Finding The Right Beer Should Be The Yeast Of Your Worries, So We Did It For You

Lia Seirotti
Lia is a writer, blogger, and art-lover. Ultimately just a girl in her thirties blogging about Miami's lifestyle, her travels, and growing up in general on her coming of age blog:

A girl walks into a bar. No, it isn’t a joke, National Beer Day is April 7! If you cringe at the thought of an entire day being dedicated to the drinking of yeast-fermented malt, I get it. You’re not alone. I too loathed drinking beer and scoffed it off as another phase I must’ve skipped in college like pledging a sorority and chugging Jager bombs in the fall. That is until I learned, or rather taught myself, the art of tasting beer. See, it turns out that finding the right beer for you is a lot easier than finding that one person you’re meant to be with. And while you will find that all the same rules apply, there is a lot more quality beer to select from than there are fish in the sea.

How to find the right beer for you:

1. Be selective:

That is, change out the grocery store for a tap room. If you hate beer as much as I used to, chances are you’ve had to stand in a freezing aisle, cold and confused, then had to carry a heavy soggy carton of beer around a store hating your lot in life. As you grow up, however, you learn to switch out generic things for designer anything — and I soon learned, beer is no different. The old saying goes “craft beer isn’t cheap, and cheap beer isn’t craft,” so hit your local brewery with an open mind and taste buds as experimental as a freshman college student.

2. Be Knowledgeable:

Think of beer categories as a spectrum, ranging from lightest to darkest, from crisp and smooth to fruity and sweet, and from least to most hoppy. Then, I recommend you find a very knowledgeable bartender to provide you with samples from each category starting with lagers (the lightest and sweeter option) and ending with stouts (which are as dark and moody as your ex). Leave IPAs for last since they tend to leave a taste in your mouth that will counteract anything else and use peanuts in between tasting as a palette cleanser. Classy, right?

3. Be mindful:

If you decide to proceed with step #2, then you will be trying many different beers in one sitting. That means your taste buds will experience a smorgasbord of flavors you have probably never tried before. Some flavors you will hate, others will be refreshingly satisfying, and believe me there will be beers you will love. Close your eyes, try to think of descriptive words and find familiarity as you actually taste all the flavors and really live in the moment. Think of each sample as the first kiss in a new relationship. You may have to kiss many toads, but once you find your match, you will regret it if you weren’t paying attention to the moment you found the one.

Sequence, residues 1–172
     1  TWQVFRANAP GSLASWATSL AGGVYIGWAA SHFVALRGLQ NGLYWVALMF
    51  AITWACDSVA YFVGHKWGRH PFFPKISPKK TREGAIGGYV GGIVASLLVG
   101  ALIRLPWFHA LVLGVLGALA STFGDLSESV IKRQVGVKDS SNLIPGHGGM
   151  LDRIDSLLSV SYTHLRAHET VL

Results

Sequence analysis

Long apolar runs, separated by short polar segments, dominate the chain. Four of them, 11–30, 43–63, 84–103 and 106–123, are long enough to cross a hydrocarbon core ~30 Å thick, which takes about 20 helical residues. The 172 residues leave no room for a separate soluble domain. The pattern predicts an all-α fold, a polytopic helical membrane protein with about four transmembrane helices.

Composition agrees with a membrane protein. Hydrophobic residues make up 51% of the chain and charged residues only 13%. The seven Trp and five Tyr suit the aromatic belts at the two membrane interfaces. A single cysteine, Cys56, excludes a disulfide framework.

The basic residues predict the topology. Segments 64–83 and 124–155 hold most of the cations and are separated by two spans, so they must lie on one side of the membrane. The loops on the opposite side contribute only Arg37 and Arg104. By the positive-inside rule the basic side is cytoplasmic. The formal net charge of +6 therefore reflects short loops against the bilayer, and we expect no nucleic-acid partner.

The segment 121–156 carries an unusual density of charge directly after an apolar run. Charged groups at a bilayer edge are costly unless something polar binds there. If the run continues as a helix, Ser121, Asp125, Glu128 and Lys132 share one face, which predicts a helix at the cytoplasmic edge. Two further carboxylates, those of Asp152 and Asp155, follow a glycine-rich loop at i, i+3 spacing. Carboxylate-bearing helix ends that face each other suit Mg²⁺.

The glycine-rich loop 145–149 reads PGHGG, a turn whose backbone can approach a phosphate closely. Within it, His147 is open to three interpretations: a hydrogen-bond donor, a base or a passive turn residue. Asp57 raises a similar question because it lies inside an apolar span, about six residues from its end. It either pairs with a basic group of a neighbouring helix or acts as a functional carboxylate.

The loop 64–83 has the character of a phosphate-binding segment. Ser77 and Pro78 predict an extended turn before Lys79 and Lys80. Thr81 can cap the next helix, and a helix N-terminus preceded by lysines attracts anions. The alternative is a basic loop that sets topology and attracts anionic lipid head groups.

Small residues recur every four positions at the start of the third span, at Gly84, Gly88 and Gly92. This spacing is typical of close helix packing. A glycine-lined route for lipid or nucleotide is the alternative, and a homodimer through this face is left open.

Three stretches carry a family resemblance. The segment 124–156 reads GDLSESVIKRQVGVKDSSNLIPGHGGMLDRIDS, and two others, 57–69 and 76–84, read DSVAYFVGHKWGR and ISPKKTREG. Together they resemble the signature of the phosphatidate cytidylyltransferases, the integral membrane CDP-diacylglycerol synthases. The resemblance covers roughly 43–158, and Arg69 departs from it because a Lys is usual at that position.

4. Be yourself:

You already know what you like and don’t like in life. If you know you’re a whiskey or bourbon drinker, try a beer that has been aged in whiskey or bourbon barrels. If you love coffee, try stout beers which tend to have strong hints of coffee. If you like tart flavors that make your lips pucker, chances are you will enjoy sours (more on that later). The point is, use what you already know about yourself as a frame of reference and try to find a beer that is aligned to your preferences because compatibility is as important in your choice of beer as it is in your choice of life partners.

5. Be adventurous:

There are certain specialty beers that belong in their own categories: Watermelon ales, peanut butter and jelly beer, banana bread ale, and the latest emerging talent, an up-and-coming spring category in the U.S., sours. Once you’ve figured the kind of taste you prefer, start experimenting with these craft beers that lean more towards eccentric than anything else. Think of it as your rebellious ex, it may not lead to an everlasting love, but it’s worth the risk of tasting it at least once in your life.


When it comes to finding the right beer, you have one of three options. You could rule out beer altogether, but I warn you, you will be missing out and at a grave disadvantage at most venues. You could try some pretentious beer tasting event hosted by someone who couldn’t quite cut it as a sommelier. Or, you could be selective, knowledgeable, mindful and adventurous as your try to find your own beer. If you approach finding your beer as seriously as you approach the relationships in your life, I promise you will nail “the one” beer tonight.

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